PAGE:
# Mathematical Language

November 4, 2019

## Measurement: Length, width, height, depth

Length, width, height, depth Outside of the mathematics class, context usually guides our choice of vocabulary: the length of a string, the width of a doorway, […]
November 4, 2019

## Square Number

Informally: When you multiply an integer (a “whole” number, positive, negative or zero) times itself, the resulting product is called a square number, or a perfect […]
November 20, 2019

## Multiple

Question: Children (and adults) are often uncertain whether the multiples of, say, 12 are the numbers one can multiply (like 3 and 4) to make 12, […]
November 20, 2019

## Symmetry

Although there are many kinds of symmetry, elementary school generally presents only reflective symmetry (or “mirror symmetry”). As a result, school materials tend to use the […]
November 20, 2019

## Prime Numbers

Any counting number, other than 1, can be built by adding two or more smaller counting numbers. But only some counting numbers can be composed by multiplying two or more smaller counting numbers.
November 20, 2019

## Factor

The terms factor and multiple are sometimes confused with each other. Factors of 15 include 3 and 5; multiples of 15 include 30, 45, 60 (and […]
November 21, 2019

## Puzzles: Who Am I Puzzles

Who-Am-I? puzzles give clues about some mathematical object — usually a number or a shape — and you are to figure out what the object is. […]
November 21, 2019

## Shape: Quadrilateral

A quadrilateral is a polygon that has exactly four sides. (This also means that a quadrilateral has exactly four vertices, and exactly four angles.)
November 21, 2019

## Order of Operations

Reducing ambiguity by agreement In general, nobody wants to be misunderstood. In mathematics, it is so important that readers understand expressions exactly the way the writer […]
November 21, 2019

## Shape: Trapezoid

A trapezoid is a quadrilateral with at least one pair of parallel sides. No other features matter. (In English-speaking countries outside of North America, the equivalent term is trapezium.)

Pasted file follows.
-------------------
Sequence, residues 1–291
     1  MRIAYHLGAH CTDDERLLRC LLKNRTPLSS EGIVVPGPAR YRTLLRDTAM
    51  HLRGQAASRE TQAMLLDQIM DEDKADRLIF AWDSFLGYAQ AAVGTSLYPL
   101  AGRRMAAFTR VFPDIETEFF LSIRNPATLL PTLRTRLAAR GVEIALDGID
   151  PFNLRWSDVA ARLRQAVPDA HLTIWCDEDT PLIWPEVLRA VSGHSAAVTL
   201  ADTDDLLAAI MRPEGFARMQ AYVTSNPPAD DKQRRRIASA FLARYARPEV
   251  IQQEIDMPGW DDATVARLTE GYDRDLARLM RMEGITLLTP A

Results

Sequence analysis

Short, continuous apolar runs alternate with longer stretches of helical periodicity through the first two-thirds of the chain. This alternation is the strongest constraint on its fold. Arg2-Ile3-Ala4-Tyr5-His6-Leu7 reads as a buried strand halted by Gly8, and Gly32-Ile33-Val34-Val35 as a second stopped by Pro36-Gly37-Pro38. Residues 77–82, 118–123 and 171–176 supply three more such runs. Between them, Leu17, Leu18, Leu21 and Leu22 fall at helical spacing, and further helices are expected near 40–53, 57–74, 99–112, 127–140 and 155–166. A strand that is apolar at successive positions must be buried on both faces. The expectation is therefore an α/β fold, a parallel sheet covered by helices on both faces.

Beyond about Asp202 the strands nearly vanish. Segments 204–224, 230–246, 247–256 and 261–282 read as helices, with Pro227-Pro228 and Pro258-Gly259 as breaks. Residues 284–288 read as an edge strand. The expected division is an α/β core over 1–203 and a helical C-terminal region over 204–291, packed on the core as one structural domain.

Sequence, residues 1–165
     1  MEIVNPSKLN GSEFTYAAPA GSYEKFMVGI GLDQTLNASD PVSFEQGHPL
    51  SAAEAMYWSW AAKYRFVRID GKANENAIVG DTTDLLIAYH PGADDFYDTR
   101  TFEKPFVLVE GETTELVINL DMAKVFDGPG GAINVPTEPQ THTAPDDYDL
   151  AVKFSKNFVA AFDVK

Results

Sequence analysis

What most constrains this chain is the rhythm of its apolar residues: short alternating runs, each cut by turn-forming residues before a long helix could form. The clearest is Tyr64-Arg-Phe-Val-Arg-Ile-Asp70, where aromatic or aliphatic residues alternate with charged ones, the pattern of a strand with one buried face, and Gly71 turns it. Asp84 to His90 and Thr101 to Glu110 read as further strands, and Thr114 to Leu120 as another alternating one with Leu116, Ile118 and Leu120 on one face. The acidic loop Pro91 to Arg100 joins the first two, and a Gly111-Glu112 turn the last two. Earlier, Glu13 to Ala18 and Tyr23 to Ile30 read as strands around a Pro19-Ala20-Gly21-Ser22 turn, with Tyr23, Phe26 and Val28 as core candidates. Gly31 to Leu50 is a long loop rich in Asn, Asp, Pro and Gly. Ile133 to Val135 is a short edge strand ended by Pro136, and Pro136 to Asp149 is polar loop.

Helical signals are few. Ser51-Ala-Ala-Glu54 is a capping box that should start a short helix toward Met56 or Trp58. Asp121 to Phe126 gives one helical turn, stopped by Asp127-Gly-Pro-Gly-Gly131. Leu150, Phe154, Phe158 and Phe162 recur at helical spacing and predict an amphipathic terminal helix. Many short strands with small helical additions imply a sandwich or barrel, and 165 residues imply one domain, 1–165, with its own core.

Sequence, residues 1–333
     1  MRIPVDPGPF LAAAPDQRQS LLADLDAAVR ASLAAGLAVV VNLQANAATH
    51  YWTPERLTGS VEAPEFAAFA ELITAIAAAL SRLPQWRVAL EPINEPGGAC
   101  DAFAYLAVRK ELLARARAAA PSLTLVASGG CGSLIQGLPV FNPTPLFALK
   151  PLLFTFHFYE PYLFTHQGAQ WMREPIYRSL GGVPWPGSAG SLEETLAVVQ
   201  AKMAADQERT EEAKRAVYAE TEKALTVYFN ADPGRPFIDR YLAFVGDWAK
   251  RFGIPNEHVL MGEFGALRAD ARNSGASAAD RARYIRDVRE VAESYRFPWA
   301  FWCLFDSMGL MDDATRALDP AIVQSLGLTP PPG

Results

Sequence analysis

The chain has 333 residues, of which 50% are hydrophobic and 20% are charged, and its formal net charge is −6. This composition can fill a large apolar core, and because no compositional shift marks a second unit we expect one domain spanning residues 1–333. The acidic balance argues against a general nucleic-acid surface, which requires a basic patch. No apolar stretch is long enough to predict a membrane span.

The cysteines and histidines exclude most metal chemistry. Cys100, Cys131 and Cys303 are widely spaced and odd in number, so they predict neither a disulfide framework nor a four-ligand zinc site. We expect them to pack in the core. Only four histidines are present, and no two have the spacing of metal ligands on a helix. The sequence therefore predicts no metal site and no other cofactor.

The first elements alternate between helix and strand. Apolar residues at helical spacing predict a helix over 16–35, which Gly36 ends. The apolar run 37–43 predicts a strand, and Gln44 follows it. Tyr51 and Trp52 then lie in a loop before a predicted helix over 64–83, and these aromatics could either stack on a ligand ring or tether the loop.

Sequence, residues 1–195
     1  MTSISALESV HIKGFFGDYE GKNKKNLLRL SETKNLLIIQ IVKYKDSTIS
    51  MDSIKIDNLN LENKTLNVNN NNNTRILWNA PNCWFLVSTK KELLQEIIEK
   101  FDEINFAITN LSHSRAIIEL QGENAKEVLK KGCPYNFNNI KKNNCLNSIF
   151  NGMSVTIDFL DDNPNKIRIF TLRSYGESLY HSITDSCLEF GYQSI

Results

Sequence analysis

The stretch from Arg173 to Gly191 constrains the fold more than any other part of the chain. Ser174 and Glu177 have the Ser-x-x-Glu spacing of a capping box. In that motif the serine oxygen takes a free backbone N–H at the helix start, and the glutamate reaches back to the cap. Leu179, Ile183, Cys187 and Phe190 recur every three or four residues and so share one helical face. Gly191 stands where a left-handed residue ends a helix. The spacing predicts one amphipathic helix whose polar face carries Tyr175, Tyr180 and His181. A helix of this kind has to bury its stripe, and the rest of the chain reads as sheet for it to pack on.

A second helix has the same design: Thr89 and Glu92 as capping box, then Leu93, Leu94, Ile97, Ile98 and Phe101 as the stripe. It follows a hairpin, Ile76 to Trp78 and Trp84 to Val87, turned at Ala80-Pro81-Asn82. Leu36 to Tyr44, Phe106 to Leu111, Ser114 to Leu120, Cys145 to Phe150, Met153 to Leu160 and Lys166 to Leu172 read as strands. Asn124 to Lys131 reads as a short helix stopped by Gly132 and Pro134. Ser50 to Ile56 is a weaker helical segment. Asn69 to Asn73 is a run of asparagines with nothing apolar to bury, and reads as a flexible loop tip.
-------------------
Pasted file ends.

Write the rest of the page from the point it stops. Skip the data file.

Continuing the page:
November 21, 2019

## Developing Mathematical Vocabulary

How to build mathematical vocabulary: Understand it well yourself (see glossary), and use it naturally (and correctly) in communication when you need it, in a rich enough context so that students can “figure out” the meaning from context, just as you might expect them to figure out the meaning of a new word that occurs in the middle of a story.
December 3, 2019

## Shape: Circle

"Circle" is a familiar word to most children very early, but with little more than an informal sense of "round." We sit "in a circle" without much thinking about how round it is, and without picturing the geometrical object associated with the word.
December 3, 2019

## Dimension

The word dimension is related to the word measure. It is used in two ways in geometry. It is used to specify a measurement: “What are […]
December 3, 2019

## Right Angle

Meaning: an angle that matches the corner of a (rectangular) piece of paper, or the angle at the base of a capital L or the top of a capital T.
January 9, 2020

## Language and Mathematics

Children are extraordinary linguists! They acquire half their adult vocabulary and nearly all their adult grammar by the time they are 5 years old, mostly informally […]
January 9, 2020

## Shape: Equiangular

The term equiangular indicates that, in some figures, the angles are equal. It can be used to describe polygons, such as an equiangular pentagon.